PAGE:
What are the basic building blocks to personal finance? At the very heart of it are the following steps:
A. Bringing in more income.
B. Spending less than you bring in.
C. Investing the excess in wealth building assets.
D. Start early and Rinse and repeat.
But let’s see how it plays out in the 4 financial building blocks of Income, Expenses, Assets and Liabilities.
Within the Income Statement, there is income and expenses. Income is salary, wages, tips, royalties, rental revenue, dividends. Expenses are utilities, mortgage, phone, groceries, gas, home repair, etc. The amount left over is the operating income. That operating income can be used to invest in assets or pay down debt.
The Balance Sheet is Assets and Liabilities (Debt). Assets are the things we own that have value (if we sold them) such as house, car, rentals, stocks/bonds. Liabilities are the things we owe such as mortgage, student loans, cars, etc.
So, let’s see how each of the A, B, Cs play out in the financial statements I’ve outlined above.
A. Bring in more income.
At the beginning this is mostly career/job income. Later, once assets are large enough, those assets will produce income instead. These can be things like rentals (my favorite).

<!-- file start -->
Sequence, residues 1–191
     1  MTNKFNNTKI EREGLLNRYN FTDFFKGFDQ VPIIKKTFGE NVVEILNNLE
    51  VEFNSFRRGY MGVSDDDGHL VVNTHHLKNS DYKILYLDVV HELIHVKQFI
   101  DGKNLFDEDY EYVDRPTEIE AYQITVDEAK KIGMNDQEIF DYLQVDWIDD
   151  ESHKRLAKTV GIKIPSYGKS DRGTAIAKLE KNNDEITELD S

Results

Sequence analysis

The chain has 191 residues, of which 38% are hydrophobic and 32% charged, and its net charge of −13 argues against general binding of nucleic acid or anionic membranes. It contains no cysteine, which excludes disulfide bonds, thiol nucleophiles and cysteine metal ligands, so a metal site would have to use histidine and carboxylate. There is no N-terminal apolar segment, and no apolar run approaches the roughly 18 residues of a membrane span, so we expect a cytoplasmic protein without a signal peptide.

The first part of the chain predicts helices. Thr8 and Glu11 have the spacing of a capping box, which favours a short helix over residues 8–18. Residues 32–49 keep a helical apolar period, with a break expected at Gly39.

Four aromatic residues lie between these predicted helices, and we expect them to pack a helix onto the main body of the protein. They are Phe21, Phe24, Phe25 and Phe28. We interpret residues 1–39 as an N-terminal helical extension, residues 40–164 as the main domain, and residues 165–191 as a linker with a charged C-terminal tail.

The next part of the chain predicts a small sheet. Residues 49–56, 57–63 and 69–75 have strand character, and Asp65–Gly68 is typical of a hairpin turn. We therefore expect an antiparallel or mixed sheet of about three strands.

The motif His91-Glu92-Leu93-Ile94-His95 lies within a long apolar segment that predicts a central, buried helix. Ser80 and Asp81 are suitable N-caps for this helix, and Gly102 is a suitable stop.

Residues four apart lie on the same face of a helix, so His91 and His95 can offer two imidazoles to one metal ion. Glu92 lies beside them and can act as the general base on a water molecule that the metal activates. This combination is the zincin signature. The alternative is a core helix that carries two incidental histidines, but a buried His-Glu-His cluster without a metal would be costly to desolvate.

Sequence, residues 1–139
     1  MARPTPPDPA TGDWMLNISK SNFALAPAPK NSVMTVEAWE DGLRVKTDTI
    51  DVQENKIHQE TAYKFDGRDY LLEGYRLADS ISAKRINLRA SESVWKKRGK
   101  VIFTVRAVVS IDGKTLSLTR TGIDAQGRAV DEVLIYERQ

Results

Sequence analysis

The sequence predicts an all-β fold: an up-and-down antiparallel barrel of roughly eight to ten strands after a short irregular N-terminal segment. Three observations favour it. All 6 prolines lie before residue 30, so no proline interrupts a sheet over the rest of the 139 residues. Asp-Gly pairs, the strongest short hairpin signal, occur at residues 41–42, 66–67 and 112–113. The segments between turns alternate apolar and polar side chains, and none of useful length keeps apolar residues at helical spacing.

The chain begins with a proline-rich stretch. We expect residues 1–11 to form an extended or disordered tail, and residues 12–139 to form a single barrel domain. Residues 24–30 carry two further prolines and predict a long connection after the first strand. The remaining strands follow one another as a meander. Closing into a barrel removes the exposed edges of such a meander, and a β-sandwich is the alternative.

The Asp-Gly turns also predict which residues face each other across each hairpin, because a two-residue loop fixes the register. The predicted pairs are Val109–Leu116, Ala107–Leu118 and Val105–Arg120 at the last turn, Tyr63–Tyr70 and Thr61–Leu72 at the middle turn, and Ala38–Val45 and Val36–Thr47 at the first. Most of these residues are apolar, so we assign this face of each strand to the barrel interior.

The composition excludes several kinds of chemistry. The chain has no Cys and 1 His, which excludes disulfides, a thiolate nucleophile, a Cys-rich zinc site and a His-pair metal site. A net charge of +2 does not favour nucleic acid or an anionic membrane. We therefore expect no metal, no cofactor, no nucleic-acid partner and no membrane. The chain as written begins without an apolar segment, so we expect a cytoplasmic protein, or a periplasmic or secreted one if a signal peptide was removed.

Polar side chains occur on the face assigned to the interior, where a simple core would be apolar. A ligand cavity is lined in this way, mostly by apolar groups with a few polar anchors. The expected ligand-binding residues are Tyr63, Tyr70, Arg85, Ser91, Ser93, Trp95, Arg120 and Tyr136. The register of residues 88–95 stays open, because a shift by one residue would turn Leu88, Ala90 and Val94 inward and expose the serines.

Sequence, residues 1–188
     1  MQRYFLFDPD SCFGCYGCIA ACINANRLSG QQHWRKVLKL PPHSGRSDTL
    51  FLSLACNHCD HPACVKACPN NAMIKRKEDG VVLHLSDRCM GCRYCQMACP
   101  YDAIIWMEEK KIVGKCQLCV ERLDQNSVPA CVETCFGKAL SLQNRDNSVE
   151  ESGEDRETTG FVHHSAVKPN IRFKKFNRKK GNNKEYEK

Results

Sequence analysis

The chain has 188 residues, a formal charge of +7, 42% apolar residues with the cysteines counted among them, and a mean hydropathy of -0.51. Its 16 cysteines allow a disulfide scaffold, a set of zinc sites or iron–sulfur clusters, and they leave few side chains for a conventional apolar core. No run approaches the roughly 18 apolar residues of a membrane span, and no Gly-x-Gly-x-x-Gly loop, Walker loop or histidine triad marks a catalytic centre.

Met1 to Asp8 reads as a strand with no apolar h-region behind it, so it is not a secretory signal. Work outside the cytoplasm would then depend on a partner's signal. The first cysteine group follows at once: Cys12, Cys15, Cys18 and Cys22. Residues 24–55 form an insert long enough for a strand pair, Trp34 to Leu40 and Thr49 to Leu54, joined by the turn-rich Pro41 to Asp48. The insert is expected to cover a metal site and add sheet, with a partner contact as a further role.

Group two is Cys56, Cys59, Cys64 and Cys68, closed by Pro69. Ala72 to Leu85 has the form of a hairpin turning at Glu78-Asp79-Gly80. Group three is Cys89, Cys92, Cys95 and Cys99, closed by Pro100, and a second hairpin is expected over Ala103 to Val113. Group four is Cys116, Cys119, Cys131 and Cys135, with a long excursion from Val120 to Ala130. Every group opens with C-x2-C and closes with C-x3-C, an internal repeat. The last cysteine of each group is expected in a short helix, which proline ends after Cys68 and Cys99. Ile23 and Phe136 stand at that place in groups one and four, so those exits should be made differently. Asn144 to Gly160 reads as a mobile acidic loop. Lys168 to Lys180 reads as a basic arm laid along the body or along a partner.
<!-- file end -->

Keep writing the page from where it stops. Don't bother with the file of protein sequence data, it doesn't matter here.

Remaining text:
The key to this step is hard work, some luck, geography, etc.
B. Spend less than you bring in.
This means lowering expenses such as debt payments and excess expenses. This requires a careful reflection on wants vs needs. And this is where my wife and I have spent the most time coming together as a team to figure out. As we’ve joined forced on managing our finances, we’ve had to discuss our priorities, dreams, etc. At first it was hard, but we slowly worked through our difference, set goals and work towards them together.
The key to this is budgeting, habit building, discipline.
C. Invest the extra in wealth building assets.
This is where we’ve historically not had much activity because we’ve been paying down debt. We currently have one paid off rental and some dividend paying stocks. But we plan on working on this more in the future.
The assets available after subtracting the debt is the net assets (or wealth) someone has. There are a lot of people who have large incomes, but they spend it all and have little or no operating income. Or they have a big operating income, but they spend it on non-appreciating and non-cash flow producing assets. These are the bad assets.
The key to this step is understanding investing, discipline, wisdom, perspective and emotional control.
D. Start early. Rinse and repeat.
Starting early has a huge impact on wealth building. But once you start, you have to keep it up which I think is the hardest part. Anybody can go to the gym once, but going consistently over a LOOONG period of time is really really hard.
The ways to succeed at this art to build buying habits, budget weekly or monthly, track progress regularly, automate as much as possible and keep an eye on the end goal.